I regret not to have bought a few of these cake rings. They are so useful and hard to find in some shapes such as the hexagonal one in the middle or rectangular ones.
There was an extensive Belgian fries makers. Well, you’re in the heart of Belgium after all. Lucky my Magimix Cook Expert has a “French fries” accessory (well… Magimix is French after all…) so I didn’t get tempted.
Antwerps Kookhuis sells machines of all sorts with a majority of Magimix, KitchenAid and Smeg.
The photo is horrific… Sorry about that, but by the time I had taken all the others, I had a mob of friends standing arms crossed by the door waiting for me…
OK now, it’s time to confess… This is my “hunting board” as we say in French. It refers to the hunter’s display of killings… Well this is what I caught that day… Starting from the top, left to right, line by line:
– a sort of wooden fork I don’t even know what it is for but I loved it and am sure I will find a use for it; a star shaped piece of wood on a stick, another mystery, you can put it between your palms and rub fast, it makes a hand-made frappé hehehe or maybe you can poke little starts in dough… who knows; a folded spoon for honey or jam; a small round ravioli cutter.
– an almond shaped ravioli cutter and a gorgeous heart shapes one; two horn spoons, expensive but beautiful, my favourite tool of the lot: a double sided olive spoon! My friends said it was the most useless utensil they had ever seen. I don’t agree… I find fishing for olives in narrow jars a challenge because my deep spoons are too large and my smaller spoons are too shallow so the olives fall back in the jar. I have to put my fingers in it which is very unhygienic… I convince half of the crowd. Then when it came to the two sided part of the object, people laughed… if you have a large olive side, why would you need a small olive side? You can definitely grab a small olive with the large one! I was stuck… Back home in Burgundy I submitted this serious problem to my Dad. He told me that nothing would be worse than grab more than one mini olive with the large side, it would go back to the shallow spoon problem, it would grab several and let them fall. And what if you wanted only one small olive?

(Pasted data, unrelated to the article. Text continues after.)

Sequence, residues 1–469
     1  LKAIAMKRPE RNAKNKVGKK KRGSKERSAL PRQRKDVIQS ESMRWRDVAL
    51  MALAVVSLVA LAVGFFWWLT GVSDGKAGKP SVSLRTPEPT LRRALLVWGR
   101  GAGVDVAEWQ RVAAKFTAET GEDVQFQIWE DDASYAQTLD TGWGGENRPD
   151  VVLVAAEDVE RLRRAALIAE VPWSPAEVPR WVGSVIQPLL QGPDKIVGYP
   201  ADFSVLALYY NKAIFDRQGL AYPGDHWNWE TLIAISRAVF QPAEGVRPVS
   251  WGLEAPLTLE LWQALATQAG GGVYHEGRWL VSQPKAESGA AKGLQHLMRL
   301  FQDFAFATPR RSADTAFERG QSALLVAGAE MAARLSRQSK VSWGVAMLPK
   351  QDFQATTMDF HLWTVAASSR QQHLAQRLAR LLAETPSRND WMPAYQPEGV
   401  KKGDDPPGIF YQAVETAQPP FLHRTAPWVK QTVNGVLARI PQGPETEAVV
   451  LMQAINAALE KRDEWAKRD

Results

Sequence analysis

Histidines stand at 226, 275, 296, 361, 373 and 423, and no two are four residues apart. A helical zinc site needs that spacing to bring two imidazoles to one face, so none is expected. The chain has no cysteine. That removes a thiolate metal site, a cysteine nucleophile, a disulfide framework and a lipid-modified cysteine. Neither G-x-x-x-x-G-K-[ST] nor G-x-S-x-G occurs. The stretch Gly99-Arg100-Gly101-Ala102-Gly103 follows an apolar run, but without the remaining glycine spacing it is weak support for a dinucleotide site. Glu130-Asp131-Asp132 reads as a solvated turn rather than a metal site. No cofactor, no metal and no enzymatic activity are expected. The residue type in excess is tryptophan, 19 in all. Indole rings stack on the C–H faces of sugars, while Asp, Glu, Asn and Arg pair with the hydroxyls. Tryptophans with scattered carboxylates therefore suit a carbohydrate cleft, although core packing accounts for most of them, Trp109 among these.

As you can tell we had fascinating discussions ;)
– two mini wooden spoons to serve cute sauces; strawberry spoon (see 21 photos above); a mini roll, this is genius, you can roll your pastry in the mould itself, which you can’t do with a large classic rolling pin. If you are into gluten free pastry or crust with nuts or legumes or cauliflower which are impossible to spread outside the mould, you can put your pastry in the mould and roll. Same with cheese cakes… I love it; a strange bent spoon for honey and jam; two spice spoons, used also for sugar or salt.
Last but not least, this is the jewel in the crown :) and a nightmare to carry all around Europe and then to Australia… It is a large (very large) and heavy (very heavy) block of Himalayan pink salt. I saw this when I visited my friend Ivan (an Aussie expat in Antwerp) and his kitchen. He knows my guilty habit of collecting kitchen treasures. So as soon as I came into his apartment, he opened a cupboard and pulled this out, handed it to me. I wasn’t expecting such a heavy weight and nearly dropped it.
He said that it was the best thing he bought in ages. It is used as a wooden board and display dish. You can serve your sushis on it, a salad or freshly cut veggies, a fish, a steak, etc. It is pretty but also adds a subtle amount of salt to your dish. You can also use it in the oven if you make sure to slowly increase and decrease the temperature.
When I came back to Australia I was so proud of my find. I showed it to a fair dinkum Aussie and he said: yeah, I know this stuff, it’s like the salt stones you give the sheep to lick… they’re everywhere…. pppheewww…
You can find this stone in Sydney at “Salt Meats Cheese”.
Anyway after all this geeky excitement we visited Antwerp for the second time and it was beautiful.
If you have any idea of use for those tools, let me know!
Terninckstraat 1 (hoek Kasteelpleinstraat)
Antwerps Kookhuis’ website